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Can't tell your lilies from your daisies? There's an app for that

Photos of plants and animals uploaded to the free app helps advance research, teaching and environmental monitoring.

iNaturalist mobiilisovellus
The iNaturalist app in action. Image: Markku Pitkänen / Yle

A new mobile phone app can help beginners tell their lilies of the valley from their bird cherries, and also distinguish between wolverines and raccoon dogs.

Nine-year-old Amori Martinez Lahti loves roaming the wilderness and is enthusiastic about identifying different plants and animals. But sometimes the keen young outdoorsman draws a blank trying to classify some species.

"Plants are really difficult to identify when you can only a see bud and there are no leaves yet," Amori said.

The young naturalist was out and about on a jaunt in a nearby wood with his father, Kari Lahti -- and a smartphone. "We were trying out iNaturalist."

AI identifies, community verifies

iNaturalist is a mobile app that recognises flora and fauna. A user can take a photo of a plant or animal and upload it to the app, which then provides the name of the object in the photo.

It even works with blurry photos, making it easier to identify animals that may have been on the move when they were photographed. Identification is a two-step process.

"First, an AI [artificial intelligence] examines the image and guesses what it is. Afterwards, other iNaturalist users validate the answer," explained IT specialist Mikko Heikkinen of the Finnish Biodiversity Info Facility, FinBIF.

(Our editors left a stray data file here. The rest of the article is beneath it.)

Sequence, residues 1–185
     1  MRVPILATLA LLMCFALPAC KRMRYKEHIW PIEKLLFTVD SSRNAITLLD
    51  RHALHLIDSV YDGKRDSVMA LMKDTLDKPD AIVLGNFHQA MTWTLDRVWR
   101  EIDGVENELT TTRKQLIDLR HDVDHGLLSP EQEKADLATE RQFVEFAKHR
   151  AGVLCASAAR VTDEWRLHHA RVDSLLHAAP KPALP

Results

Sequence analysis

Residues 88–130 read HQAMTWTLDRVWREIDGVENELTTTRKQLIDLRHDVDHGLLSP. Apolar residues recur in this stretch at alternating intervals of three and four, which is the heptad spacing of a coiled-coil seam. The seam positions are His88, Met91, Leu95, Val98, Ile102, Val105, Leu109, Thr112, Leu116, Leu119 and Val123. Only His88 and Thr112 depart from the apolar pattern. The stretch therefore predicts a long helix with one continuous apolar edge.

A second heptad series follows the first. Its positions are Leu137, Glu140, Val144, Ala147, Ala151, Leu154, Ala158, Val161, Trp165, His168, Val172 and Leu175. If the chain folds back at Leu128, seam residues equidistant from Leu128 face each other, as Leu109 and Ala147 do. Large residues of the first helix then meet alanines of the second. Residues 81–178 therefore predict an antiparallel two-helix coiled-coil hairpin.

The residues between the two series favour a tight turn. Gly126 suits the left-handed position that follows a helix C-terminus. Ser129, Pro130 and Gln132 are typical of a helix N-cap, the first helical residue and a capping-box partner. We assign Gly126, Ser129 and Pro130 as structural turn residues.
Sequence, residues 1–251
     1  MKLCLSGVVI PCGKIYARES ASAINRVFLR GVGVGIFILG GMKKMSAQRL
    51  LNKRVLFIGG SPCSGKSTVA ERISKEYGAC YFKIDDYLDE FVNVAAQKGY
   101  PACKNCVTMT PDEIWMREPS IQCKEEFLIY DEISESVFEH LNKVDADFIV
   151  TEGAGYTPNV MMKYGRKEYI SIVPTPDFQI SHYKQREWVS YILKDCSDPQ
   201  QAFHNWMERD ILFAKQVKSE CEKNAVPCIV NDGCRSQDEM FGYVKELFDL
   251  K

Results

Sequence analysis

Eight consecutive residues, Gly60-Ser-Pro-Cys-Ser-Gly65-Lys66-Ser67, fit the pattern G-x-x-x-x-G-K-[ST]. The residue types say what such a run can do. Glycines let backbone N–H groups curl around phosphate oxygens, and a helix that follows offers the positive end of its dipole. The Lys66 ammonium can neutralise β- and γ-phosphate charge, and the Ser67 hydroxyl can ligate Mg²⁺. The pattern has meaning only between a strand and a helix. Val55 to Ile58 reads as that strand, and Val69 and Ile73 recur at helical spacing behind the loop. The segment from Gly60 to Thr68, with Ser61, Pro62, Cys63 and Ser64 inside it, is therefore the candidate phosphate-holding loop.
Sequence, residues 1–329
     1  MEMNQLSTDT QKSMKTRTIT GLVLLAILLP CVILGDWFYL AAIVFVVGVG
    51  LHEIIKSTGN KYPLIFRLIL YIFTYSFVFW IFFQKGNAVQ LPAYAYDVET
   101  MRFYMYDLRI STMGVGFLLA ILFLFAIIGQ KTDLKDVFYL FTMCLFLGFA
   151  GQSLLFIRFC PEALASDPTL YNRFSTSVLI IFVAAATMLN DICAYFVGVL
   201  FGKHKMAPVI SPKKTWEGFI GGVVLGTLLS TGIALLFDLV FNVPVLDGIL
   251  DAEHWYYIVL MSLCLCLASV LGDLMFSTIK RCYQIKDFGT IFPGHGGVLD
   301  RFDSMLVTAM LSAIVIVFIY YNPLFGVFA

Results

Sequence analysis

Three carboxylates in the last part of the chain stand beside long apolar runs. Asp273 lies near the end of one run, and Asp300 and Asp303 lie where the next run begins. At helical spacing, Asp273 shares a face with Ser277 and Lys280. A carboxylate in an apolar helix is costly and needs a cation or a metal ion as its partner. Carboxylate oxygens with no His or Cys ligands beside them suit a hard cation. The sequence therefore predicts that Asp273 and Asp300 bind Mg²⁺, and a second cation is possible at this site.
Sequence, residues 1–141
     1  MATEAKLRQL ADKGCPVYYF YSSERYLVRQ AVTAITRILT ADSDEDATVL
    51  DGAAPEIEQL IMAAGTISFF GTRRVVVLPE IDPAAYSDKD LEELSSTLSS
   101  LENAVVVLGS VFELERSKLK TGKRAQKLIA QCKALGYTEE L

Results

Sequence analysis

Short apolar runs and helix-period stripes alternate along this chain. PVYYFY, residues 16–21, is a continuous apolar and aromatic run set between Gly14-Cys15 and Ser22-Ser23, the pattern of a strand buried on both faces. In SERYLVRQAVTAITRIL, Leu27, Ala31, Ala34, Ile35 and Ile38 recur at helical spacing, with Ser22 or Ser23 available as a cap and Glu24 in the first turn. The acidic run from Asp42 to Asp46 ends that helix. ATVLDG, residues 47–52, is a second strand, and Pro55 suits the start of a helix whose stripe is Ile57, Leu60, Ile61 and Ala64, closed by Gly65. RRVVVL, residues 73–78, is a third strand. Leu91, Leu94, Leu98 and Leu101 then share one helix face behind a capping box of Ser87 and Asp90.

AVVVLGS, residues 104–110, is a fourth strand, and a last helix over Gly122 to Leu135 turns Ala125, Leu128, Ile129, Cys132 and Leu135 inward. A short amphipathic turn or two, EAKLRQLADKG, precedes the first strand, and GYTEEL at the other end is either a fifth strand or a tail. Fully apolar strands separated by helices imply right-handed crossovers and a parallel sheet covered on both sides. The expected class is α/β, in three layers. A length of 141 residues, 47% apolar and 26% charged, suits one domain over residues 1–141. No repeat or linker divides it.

Story continues after photo

valkovuokkoja tutkitaan metsässä
The AI in iNaturalist is supported by crowdsourced knowledge. Image: Markku Pitkänen / Yle

The AI develops as more images of Finnish animal and plant life are uploaded. However even after just one week in operation, the app is already proving its usefulness. That's because an American version has already been in use for years.

"It recognises Finnish species rather well too. But it's sometimes still possible that it might suggest some American birch species instead of a Finnish one," Heikkinen noted.

The well-known research facility, the California Academy of Sciences and the National Geographic Society developed iNaturalist and also finance the service, which can be used for free.

Finland is the 11th country to join the service. The Finnish Museum of Natural History and FinBIF collaborated to roll out the Finnish version, which so far works on Android phones but is not yet available for Apple devices.

Sightings saved in a database

Amori's father, Kari Lahti, has his own reason for trying out the app, as he is responsible for marketing it. All photos of plant and animals are saved in a FinBIF database and are used to promote research, teaching and environmental monitoring.

Finland has a broad range of other nature monitoring services to which people can send their observations.

There are for example, websites that track the algae situation, invasive species (in Finnish), large predators (in Finnish), seals, porpoises (in Finnish) and of course birds (in Finnish) and weather phenomena (in Finnish). Nature lovers can also upload their sightings directly to the FinBIF service.

According to Lahti, Finland has a long history of public involvement in environmental monitoring and its importance shows no sign of declining.

"As resources diminish and there is no funding for monitoring, properly guided crowdsourcing is the way to keep in step and accumulate information," he concluded.

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